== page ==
Thursday, July 23, 2009

Molly has recently received the following item from the Canadian Union of Public Employees (CUPE). I have never actually considered the hows, whys and wherefores of the allocation of takeoff and landing rights (known as 'slots') before this, but I can easily see how they may be one of the more valuable assets that an airline can possess. An airport, after all, cannot operate on a 'first come, first served' basis. There has to be an orderly allocation of who goes up and who goes down and at what time. I can also see very plainly how such a resource has to be regulated by someone outside of the airline industry, both for the good of individual countries and because of the fact that it would be hard to find another industry where so-called "free competition" would so rapidly result in monopoly.

Air Canada, of course, has staggered from one financial crisis to another in the past few years. Its main competition, Westjet, as an "imperfect producers' coop" runs circles around AC in almost all aspects. There is little doubt as well that its very existence, like that of the CBC, is anathema to those in the ruling Conservative Party who actually care more about economics than social conservative optics. Like the CBC those around Harper would gladly see Air Canada euthanized, and it seems they may have actually come up with a plan to accomplish this goal- without raising a political stink by doing it honestly. Selling off landing slots as collateral to private lenders is actually the best way imaginable to accomplish this goal. Sorta like the perfect murder. Here's what CUPE has to say about the matter..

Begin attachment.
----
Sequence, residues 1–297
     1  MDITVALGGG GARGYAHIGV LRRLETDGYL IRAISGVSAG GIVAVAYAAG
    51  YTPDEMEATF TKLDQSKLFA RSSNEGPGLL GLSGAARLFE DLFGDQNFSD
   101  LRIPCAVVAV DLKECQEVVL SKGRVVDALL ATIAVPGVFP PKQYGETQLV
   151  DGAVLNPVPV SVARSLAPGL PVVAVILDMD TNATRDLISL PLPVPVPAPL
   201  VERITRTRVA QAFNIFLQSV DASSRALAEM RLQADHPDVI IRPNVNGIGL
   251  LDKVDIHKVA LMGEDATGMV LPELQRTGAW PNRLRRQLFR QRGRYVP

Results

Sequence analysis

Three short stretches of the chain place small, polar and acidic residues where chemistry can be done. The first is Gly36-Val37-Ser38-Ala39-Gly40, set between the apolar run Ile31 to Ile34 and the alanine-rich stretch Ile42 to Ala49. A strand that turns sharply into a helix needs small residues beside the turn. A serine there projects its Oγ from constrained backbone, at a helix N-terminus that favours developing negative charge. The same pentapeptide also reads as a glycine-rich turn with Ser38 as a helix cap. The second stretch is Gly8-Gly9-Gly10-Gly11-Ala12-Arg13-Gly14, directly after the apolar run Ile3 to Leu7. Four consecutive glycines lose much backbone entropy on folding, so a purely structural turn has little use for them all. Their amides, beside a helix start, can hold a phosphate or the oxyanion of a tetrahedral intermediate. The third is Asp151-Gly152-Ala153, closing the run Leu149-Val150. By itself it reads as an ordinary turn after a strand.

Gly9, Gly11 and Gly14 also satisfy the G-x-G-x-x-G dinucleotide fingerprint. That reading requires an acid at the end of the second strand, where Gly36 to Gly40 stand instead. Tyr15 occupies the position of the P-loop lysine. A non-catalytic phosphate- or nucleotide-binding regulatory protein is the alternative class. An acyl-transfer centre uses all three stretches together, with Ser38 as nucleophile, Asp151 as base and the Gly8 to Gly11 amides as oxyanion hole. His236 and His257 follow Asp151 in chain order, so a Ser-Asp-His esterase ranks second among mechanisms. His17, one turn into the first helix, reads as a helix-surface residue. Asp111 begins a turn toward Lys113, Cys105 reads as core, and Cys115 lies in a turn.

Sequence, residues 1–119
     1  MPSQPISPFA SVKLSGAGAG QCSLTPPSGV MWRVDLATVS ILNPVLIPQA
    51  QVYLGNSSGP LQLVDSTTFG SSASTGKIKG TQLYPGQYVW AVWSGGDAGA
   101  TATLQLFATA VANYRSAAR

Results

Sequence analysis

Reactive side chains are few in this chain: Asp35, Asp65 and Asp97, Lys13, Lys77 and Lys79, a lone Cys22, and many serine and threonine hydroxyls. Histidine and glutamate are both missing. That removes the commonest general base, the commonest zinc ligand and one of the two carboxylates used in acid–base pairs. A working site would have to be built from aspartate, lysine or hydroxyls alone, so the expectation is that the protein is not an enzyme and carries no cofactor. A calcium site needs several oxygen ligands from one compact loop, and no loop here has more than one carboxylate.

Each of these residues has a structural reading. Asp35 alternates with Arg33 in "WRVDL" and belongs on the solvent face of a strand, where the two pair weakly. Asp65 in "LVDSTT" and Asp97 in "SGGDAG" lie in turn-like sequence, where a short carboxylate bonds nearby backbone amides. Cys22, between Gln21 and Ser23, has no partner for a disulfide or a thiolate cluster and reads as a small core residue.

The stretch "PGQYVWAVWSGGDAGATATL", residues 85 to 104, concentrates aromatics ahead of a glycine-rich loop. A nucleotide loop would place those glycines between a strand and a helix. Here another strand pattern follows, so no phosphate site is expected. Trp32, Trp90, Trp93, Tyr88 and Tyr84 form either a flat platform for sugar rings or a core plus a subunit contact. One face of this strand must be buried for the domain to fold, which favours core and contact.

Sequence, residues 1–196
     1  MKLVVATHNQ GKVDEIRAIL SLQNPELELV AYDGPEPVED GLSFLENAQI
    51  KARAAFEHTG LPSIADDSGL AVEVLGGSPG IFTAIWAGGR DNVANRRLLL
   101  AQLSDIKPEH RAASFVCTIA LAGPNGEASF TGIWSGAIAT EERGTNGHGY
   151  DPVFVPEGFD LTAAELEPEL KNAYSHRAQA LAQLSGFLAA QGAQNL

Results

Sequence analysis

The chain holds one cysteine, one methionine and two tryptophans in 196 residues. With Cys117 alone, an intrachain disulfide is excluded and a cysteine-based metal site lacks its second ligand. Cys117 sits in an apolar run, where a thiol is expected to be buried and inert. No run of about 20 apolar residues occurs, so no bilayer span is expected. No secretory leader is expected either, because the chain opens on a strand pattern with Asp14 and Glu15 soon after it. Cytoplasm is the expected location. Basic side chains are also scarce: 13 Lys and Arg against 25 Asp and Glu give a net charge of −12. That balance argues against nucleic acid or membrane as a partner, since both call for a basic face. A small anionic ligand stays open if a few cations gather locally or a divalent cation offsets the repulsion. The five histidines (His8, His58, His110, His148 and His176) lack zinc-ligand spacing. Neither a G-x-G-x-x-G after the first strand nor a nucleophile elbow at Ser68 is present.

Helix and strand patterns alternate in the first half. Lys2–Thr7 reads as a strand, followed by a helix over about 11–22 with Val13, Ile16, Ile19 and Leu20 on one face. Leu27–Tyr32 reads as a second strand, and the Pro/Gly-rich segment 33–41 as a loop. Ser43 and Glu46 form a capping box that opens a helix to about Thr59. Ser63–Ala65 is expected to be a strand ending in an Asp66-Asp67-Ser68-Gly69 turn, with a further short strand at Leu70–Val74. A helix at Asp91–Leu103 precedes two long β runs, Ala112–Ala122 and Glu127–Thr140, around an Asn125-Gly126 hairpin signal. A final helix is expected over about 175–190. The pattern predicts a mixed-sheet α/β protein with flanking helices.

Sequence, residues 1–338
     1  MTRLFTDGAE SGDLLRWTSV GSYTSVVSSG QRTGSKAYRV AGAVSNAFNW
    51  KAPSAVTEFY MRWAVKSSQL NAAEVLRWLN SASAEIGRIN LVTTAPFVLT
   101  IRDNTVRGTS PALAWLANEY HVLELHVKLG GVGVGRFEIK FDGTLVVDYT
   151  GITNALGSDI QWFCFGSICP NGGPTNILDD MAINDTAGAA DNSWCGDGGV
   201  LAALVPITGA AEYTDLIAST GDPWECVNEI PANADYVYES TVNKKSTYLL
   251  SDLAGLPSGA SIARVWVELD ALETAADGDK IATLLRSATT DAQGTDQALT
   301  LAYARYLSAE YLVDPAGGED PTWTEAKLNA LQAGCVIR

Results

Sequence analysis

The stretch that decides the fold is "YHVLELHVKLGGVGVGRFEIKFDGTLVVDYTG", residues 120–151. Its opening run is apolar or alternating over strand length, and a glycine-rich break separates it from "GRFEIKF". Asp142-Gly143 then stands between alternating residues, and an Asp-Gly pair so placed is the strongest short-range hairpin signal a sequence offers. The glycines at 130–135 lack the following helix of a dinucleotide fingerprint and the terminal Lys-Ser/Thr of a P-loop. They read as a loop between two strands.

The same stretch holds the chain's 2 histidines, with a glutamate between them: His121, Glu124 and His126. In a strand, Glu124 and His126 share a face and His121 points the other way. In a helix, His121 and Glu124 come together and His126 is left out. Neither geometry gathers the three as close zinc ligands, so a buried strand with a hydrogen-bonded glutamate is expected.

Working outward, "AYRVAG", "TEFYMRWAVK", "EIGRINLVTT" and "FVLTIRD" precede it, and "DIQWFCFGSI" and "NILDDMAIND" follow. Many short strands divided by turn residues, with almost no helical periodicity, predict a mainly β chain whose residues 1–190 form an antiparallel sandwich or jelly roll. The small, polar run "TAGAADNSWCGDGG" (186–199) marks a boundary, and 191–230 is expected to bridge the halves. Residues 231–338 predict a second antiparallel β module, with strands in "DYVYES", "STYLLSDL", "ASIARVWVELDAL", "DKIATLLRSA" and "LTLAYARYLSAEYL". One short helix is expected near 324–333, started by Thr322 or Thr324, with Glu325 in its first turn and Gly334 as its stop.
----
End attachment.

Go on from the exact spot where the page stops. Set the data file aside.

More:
Don't pledge Air Canada's landing slots:
CUPE is asking Finance Minister Jim Flaherty to stop Air Canada from pledging its landing slots to a group of private lenders.
Email Finance Minister Flaherty

The landing slots - including some at Heathrow Airport in London - are the airline's crown jewels, says CUPE Air Canada Component president Katherine Thompson. "Once they're sold, they can't be bought back."

Reuters reports that Air Canada is seeking a $600 million loan from a group of private financiers and the federal government. To back that loan, the company wants to use the landing slots as part of the collateral.

But Thompson said the government should provide the entire loan instead. That way Canada would still control the landing slots if the airline failed or filed for bankruptcy protection.

The union also proposed guaranteeing only the government's portion of the loan with the landing slots.

"Without these slots, Canada would no longer be capable of supporting an international carrier," Thompson said.
Go to the link above to send the following letter to Finance Minister Jim Flaherty.
Air Canada flight attendants have made considerable sacrifices to keep Air Canada alive. For its part, Air Canada has agreed to extend its contract with CUPE.
As part of this deal, the company committed to protecting the landing slots it owns at airports around the world, especially London's Heathrow airport.
Without these landing slots Air Canada cannot function as an international carrier.
CUPE agreed to a pension moratorium in part because Air Canada committed to make its best effort to protect these slots and offer them as collateral only to a government lender.
Now I learn that the company has asked you to let them pledge these landing slots as collateral to a consortium of mostly corporate lenders.
That wasn't the deal.
For Air Canada, it's the equivalent of mortgaging the family farm.
Please ensure that Air Canada’s landing and takeoff slots are only pledged to a government lender, capable of keeping the public interest in mind.
Please also give serious consideration to providing of a fully collateralized loan to Air Canada, in a way that avoids the private loan and the risks it poses to both the company’s future and the interests of the nation.
I look forward to a personal response to this message.

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